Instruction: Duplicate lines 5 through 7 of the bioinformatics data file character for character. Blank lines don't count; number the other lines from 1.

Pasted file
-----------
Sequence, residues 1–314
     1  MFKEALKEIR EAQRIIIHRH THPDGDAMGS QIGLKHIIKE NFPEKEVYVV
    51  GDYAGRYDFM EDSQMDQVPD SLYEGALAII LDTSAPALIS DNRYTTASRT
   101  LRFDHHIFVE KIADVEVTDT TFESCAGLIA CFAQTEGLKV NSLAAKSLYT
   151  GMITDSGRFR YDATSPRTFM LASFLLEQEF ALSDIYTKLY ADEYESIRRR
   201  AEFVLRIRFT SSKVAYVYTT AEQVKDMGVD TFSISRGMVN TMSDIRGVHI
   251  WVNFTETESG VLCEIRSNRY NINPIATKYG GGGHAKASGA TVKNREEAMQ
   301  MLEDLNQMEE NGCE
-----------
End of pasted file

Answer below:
   151  GMITDSGRFR YDATSPRTFM LASFLLEQEF ALSDIYTKLY ADEYESIRRR
   201  AEFVLRIRFT SSKVAYVYTT AEQVKDMGVD TFSISRGMVN TMSDIRGVHI
   251  WVNFTETESG VLCEIRSNRY NINPIATKYG GGGHAKASGA TVKNREEAMQ